Doctor explains treatment for whooping cough on This Morning
A professor has issued advice about protecting yourself against a very contagious disease, known as the 100 day cough, as the UK is currently seeing a spike in cases. So far this year, the health authorities have received notifications of 1,141 cases of whooping cough.
According to the latest data, there were 716 cases of the Victorian disease reported in England and Wales between July and November. This represents more than three times the number compared to the same time in 2022.
The bacterial infection, also known as pertussis, starts with cold-like symptoms but can lead to severe coughing fits, lasting up to three months. These persistent symptoms contribute to the disease sometimes being called the 100 day cough.
According to Dr Chris Papadopoulos, Principal Lecturer in Public Health at the University of Bedfordshire, the surge in cases is serious. He told Express.co.uk: “The recent rise in whooping cough cases in the UK is indeed a significant concern, particularly as we approach the winter months.
“This concern is amplified by the existing pressures on the NHS, which is often stretched during this time. Therefore, it’s crucial to minimise community disease transmission as much as possible, especially during these colder months.”
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How to minimise your risk of catching whooping cough?
Therefore, the expert recommended wearing face masks in public, particularly in crowded and poorly ventilated areas.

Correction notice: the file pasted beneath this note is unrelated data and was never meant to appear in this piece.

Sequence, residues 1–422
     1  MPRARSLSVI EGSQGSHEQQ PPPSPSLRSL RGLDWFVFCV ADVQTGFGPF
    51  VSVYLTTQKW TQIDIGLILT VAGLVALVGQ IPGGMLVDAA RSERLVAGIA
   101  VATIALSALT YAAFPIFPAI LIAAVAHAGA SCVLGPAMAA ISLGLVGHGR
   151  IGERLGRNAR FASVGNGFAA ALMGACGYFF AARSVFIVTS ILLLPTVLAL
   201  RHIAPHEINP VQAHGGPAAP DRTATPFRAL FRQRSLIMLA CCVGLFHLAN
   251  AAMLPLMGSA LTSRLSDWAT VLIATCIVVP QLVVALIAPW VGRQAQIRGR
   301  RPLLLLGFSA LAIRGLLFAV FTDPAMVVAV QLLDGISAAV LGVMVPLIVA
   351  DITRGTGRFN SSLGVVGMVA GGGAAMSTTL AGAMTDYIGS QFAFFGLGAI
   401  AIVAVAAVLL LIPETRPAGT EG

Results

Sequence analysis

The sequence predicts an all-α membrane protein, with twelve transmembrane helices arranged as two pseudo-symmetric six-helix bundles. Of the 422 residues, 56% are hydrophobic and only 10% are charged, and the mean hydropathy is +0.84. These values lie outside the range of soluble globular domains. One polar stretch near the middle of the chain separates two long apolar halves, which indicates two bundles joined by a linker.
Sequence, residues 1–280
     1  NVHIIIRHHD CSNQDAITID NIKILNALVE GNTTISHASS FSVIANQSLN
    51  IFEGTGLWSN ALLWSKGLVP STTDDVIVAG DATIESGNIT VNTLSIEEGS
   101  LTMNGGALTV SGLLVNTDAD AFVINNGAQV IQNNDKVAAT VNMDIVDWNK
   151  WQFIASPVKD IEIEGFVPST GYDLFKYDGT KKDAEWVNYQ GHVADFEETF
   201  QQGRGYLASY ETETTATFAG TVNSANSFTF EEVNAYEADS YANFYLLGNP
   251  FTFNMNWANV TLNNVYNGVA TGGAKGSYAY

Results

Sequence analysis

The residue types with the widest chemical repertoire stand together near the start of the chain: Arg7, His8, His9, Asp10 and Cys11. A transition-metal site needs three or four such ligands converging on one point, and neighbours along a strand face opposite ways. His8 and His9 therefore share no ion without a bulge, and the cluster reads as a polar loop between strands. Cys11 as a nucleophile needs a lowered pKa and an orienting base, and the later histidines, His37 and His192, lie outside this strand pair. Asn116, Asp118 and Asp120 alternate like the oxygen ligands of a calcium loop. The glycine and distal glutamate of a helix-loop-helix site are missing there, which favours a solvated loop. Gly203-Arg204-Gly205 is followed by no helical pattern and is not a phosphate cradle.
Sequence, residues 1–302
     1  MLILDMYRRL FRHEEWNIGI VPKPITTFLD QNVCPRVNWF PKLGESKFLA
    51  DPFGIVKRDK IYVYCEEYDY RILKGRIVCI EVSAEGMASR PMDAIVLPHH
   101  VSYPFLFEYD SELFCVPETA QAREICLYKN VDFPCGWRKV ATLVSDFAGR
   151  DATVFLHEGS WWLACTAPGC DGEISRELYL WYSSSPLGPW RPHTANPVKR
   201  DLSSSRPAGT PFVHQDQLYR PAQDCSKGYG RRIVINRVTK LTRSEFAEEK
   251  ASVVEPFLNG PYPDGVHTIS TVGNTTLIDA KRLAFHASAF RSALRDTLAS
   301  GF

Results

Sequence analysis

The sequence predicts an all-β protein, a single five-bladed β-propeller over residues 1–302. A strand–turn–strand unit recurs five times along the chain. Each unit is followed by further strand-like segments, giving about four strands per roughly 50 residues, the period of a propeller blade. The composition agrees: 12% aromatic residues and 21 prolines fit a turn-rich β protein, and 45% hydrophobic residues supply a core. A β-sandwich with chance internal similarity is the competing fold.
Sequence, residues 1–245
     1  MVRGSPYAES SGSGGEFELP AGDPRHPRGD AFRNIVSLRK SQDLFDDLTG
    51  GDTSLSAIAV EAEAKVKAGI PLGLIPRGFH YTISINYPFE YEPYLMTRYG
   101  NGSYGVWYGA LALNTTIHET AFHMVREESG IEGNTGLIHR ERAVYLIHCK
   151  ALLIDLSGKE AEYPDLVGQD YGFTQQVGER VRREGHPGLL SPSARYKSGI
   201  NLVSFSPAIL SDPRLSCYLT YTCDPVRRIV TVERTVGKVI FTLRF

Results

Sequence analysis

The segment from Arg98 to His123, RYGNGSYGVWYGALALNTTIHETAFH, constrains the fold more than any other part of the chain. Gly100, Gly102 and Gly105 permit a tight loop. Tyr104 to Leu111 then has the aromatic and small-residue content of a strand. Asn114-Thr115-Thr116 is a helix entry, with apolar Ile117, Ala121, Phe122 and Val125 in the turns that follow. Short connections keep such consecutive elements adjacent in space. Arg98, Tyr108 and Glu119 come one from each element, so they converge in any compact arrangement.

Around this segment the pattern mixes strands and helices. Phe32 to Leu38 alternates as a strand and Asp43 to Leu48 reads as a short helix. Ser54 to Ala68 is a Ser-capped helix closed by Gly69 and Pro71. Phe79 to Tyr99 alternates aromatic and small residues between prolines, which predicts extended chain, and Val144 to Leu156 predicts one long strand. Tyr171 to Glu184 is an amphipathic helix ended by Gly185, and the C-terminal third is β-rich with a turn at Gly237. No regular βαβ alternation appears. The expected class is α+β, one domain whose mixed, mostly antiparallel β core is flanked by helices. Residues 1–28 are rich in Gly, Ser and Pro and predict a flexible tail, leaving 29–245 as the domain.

Dr Papadopoulos said: “Wearing a mask has been proven to reduce the risk of transmitting respiratory diseases, thereby not only curbing the spread of whooping cough but also helping in the fight against other airborne diseases such as flu and COVID-19.
“The practice of mask-wearing, therefore, offers additional benefits by protecting both the wearer and those around them, including those who may be particularly vulnerable.”
Adults are also at risk of 100 day cough
While whooping cough can be particularly serious in babies, sometimes leading to pneumonia, seizures and even death, the professor warned that adults should also be careful.
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He said: “The infection is generally more severe in babies, especially those under six months, due to their underdeveloped immune systems and the risk of complications.
“However, adults can also be affected, especially those who are immunocompromised, though it tends to be less severe compared to children.
“Those who have been previously infected or vaccinated may still contract the disease, but typically it is less severe in these cases.”
Key symptoms of whooping cough to spot
According to the NHS, the first signs to ring alarm bells are usually a runny nose and sore throat. However, the symptoms then progress to more severe, typically around a week after the first red flags appear.
Dr Papadopoulos said: “The key symptoms include intense coughing bouts, which can last for several minutes and are more common at night. The coughing may bring up thick mucus and might be followed by vomiting. Between coughs, people might gasp for breath, producing a characteristic ‘whoop’ sound.
“The effort of coughing can cause the face to become very red, and there may be slight bleeding under the skin or in the eyes.
“In young children, especially babies under six months, the cough might not be as noticeable, but they may experience brief periods of stopped breathing.”
The NHS recommends asking for an urgent GP appointment or getting help from NHS 111 if:
- Your baby is under six months old and has symptoms of whooping cough
- You or your child have a very bad cough that is getting worse
- You’ve been in contact with someone with whooping cough and you’re pregnant
- You or your child has been in contact with someone with whooping cough and have a weakened immune system.
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